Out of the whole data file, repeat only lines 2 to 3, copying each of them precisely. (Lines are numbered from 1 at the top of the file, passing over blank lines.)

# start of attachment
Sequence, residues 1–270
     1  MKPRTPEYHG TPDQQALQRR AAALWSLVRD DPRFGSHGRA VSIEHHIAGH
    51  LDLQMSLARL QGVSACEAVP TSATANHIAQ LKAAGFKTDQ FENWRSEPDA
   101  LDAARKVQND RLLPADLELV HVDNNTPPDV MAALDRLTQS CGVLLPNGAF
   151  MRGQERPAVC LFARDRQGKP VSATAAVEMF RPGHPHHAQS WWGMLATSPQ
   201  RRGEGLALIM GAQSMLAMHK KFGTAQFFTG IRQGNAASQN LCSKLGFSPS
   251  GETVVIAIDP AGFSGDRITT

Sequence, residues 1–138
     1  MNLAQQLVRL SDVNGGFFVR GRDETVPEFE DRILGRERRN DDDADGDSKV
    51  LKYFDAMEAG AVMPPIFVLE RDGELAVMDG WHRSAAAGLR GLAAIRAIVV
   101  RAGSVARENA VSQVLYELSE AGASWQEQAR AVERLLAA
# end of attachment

     1  MKPRTPEYHG TPDQQALQRR AAALWSLVRD DPRFGSHGRA VSIEHHIAGH
    51  LDLQMSLARL QGVSACEAVP TSATANHIAQ LKAAGFKTDQ FENWRSEPDA